Venetian Bind

24 Australian artists and researchers are heading to Venice in 2024 to develop place-responsive public art over six months, exploring ideas around the commons, public health and climate responsive environments.

Dean De Landre
Hayley Elliot-Ryan
Simon Grennan
Donna McRae
Kate Hunter
Katie Lee
Luigi Vescio
Annette Wagner
Victoria Duckett
Olivia Millard
Emily Potter
Katy Morrison
Tania Blackwell
Dan Koop
Sean Loughrey
Rebecca Gerrett-Magee
Merophie Carr
Luke Heemsbergen
Stephen Hennesy
Annie Wilson
Briony Kidd
Tonya Meyrick
Martin Potter
Curated by
Cameron Bishop
David Cross
Palazzo Mora, Venice (IT)

Venetian Bind is a place-responsive public art project unfolding iteratively over the six months of Personal Structures. This initiative deploys a variety of novel methods using art in subtle, activist and collaborative ways in public space to explore ideas around the commons, public health and climate responsive environments.

The artworks in this space are produced in response to six binds, rituals and workshops, devised and selected by the curators, that collectively explore the tensions between the efficacy of place-responsive and gallery-based practices in contemporary art. Unfolding a methodology of four parts, this project seeks to employ emergent curatorial thinking in temporary public artwork to mesh experimental art making with the accumulation of new skills, straddling technique, participatory engagement and a deeper understanding of environment and its assorted transitions. These four modes - ritual, encounter, provocation (or bind) and workshop - offer, this exhibition suggests, a composite method whereby the artist can be simultaneously provocateur, collaborator, student and maker of place-responsive experiences. Venice in these terms becomes a dynamic laboratory of communities, histories and technologies, rather than operating in its default setting as an exotic backdrop to display artwork.

Devised by Melbourne/Naarm-based curators and Deakin University researchers Cameron Bishop and David Cross, in collaboration with the European Cultural Centre in Venice, they have assembled a team of 24 Australian artists in six teams – researchers and PhD candidates across a diverse range of disciplines, each scheduled to arrive and make work at different times over the six months of the Biennale. The project distinguishes itself through its place-responsiveness, and its material and temporal constraints, engaging directly with the environmental and socio-cultural fabric of Venice – a city at the frontline of climate change and its implications.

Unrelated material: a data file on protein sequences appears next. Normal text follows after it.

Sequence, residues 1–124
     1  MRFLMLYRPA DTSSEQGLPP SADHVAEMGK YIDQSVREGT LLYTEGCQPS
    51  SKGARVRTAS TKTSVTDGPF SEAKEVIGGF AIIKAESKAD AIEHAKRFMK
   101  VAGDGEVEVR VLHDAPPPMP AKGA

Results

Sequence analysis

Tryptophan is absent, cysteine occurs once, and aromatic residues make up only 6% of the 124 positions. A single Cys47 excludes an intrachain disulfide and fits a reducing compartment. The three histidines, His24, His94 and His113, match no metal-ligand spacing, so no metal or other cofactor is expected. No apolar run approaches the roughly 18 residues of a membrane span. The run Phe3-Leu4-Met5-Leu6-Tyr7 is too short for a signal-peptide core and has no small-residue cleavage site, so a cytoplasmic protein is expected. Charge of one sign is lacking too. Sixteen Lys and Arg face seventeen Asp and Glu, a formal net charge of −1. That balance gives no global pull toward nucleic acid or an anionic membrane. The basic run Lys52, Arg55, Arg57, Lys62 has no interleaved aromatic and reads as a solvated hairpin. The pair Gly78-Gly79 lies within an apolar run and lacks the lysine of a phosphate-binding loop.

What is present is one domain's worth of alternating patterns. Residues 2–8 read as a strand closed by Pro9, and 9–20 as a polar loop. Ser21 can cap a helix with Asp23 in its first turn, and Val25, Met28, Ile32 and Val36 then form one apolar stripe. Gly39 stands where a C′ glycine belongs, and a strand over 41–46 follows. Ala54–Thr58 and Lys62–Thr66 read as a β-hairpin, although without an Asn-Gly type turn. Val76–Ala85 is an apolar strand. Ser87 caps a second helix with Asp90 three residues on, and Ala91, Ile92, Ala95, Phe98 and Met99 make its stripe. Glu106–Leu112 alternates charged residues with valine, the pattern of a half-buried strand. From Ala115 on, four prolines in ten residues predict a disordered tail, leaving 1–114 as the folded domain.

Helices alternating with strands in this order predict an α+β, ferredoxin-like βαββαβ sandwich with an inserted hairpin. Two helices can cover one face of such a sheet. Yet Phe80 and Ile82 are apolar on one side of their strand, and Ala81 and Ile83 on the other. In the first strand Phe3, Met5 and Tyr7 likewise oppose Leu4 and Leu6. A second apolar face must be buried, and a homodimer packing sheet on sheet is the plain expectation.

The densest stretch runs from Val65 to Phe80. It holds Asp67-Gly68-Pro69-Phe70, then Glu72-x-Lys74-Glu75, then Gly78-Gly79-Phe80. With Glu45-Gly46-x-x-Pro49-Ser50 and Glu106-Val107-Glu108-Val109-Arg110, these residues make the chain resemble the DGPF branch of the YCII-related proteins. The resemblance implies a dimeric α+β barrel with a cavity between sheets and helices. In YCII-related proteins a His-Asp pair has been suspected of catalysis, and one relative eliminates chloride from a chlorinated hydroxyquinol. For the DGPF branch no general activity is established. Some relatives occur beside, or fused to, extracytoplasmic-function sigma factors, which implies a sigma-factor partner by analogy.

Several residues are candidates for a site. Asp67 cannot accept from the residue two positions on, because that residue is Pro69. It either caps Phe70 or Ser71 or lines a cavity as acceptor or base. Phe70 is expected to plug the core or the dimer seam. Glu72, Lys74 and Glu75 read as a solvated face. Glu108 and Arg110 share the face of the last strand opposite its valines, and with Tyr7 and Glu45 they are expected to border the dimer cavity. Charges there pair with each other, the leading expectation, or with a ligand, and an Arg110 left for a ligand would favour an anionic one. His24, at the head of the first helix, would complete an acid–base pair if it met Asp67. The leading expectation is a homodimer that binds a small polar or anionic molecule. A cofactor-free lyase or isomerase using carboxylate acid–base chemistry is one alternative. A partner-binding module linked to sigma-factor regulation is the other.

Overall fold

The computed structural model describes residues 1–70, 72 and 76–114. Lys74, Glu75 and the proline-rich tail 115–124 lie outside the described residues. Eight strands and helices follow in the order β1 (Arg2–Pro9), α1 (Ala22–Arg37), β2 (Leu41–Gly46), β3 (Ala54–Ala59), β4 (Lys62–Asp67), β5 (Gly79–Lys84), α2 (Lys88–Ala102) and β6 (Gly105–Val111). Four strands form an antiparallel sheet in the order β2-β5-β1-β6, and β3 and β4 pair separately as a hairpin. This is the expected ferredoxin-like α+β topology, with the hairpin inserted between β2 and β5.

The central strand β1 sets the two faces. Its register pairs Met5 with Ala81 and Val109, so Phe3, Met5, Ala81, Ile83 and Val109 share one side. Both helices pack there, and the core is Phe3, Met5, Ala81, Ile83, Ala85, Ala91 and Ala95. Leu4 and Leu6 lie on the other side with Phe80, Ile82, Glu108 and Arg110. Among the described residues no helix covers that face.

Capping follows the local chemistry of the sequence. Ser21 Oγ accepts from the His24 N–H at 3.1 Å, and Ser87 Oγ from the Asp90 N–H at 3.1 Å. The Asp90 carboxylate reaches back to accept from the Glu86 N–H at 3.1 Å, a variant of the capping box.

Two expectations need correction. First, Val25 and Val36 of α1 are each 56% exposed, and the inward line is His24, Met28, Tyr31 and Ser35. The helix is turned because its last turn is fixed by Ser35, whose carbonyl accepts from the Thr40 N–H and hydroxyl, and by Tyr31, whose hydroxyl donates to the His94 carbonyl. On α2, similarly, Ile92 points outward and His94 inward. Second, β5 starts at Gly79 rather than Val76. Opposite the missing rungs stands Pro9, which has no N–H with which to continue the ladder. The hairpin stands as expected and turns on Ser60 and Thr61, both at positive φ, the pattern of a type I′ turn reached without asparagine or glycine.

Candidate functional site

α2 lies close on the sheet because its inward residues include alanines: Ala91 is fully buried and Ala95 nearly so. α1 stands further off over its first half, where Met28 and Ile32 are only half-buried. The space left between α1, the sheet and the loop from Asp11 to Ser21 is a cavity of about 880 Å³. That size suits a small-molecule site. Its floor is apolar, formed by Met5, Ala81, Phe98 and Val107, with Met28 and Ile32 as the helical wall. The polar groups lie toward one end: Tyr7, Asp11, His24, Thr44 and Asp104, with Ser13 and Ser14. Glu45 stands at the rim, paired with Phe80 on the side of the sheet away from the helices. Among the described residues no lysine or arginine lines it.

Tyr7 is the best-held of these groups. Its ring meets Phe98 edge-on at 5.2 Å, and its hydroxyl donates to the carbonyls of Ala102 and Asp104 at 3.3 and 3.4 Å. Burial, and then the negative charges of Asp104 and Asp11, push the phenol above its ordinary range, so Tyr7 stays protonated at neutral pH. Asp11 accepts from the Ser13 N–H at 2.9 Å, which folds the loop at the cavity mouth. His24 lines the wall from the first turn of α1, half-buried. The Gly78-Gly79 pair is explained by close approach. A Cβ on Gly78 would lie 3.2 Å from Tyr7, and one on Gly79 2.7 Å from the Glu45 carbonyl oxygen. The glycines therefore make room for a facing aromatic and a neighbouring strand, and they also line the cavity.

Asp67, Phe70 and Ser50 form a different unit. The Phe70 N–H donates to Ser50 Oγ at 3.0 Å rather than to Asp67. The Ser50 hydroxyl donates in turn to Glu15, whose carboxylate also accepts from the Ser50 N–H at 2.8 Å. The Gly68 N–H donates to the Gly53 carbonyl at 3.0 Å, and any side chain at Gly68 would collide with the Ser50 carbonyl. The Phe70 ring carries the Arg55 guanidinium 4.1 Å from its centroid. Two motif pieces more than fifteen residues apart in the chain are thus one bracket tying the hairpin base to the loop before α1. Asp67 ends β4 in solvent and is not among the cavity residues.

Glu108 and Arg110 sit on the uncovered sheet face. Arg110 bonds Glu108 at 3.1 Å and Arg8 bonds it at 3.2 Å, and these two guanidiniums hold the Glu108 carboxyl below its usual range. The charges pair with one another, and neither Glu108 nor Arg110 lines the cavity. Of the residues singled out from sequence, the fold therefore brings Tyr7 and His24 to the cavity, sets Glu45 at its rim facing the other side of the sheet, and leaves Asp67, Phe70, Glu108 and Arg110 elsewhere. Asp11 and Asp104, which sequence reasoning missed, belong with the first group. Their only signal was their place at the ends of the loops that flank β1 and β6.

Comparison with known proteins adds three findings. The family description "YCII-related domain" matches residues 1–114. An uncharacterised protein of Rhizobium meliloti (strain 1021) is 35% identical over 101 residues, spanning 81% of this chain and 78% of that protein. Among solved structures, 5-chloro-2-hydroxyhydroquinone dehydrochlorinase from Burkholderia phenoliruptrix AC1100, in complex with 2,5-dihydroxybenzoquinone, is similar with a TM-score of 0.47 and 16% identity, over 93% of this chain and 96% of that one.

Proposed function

In devising experiences and contexts in sites often overlooked or considered peripheral to the usual political, or economic business of the city, the curators have sought to illuminate and extend our understanding of Venice as a complex eco-system formed and reformed over millennia. Informed by Harney and Desideri’s far reaching 2013 essay on curatorial practice, A Conspiracy without a Plot, and specifically their idea of ‘the undercommons’, as a critical ‘practice of space and time that does not conform to the space and time of sovereign, self-possessed individuals or the states they plot, Venetian Bind seeks to understanding how ideas of publicness’ and our understanding of Venice can be remade. Following Bifo Berardi’s contention that we have shifted in the age of semio-captalism from conjunction to connection as the dominant mode of social interaction, this exhibition asks how might public art projects such as Venetian bind employ in Berradi’s words ‘sensibility as the faculty that makes it possible to find a path that does not yet exist’.

In seeking to build new understandings of both Venice and temporary public art as critical operations mediated by what Slavoj Zizek calls ‘event culture’, Venetian Bind asks four specific questions. How might new curatorial approaches to public art make trouble for the idea of Venice as a neutral, if architecturally rich, art gallery? How can a public art project expand our understanding of Venice as a complex constellation of places, people and ecologies across the lagoon, and not simply understood as a winding pathway between San Marco and Rialto Bridge? In what ways can constraint operate in curatorial thinking as a productive mechanism by which ideas of water, both in scarcity and abundance, might be understood anew. And how can cross-disciplinary art practices developed in collaborative groups, expand our understanding of the sometimes-nebulous category of public art?

- Professor David Cross and Associate Professor Cameron Bishop, Public Art Commission, Deakin University.

Program dates: 18 April - 24 November 2024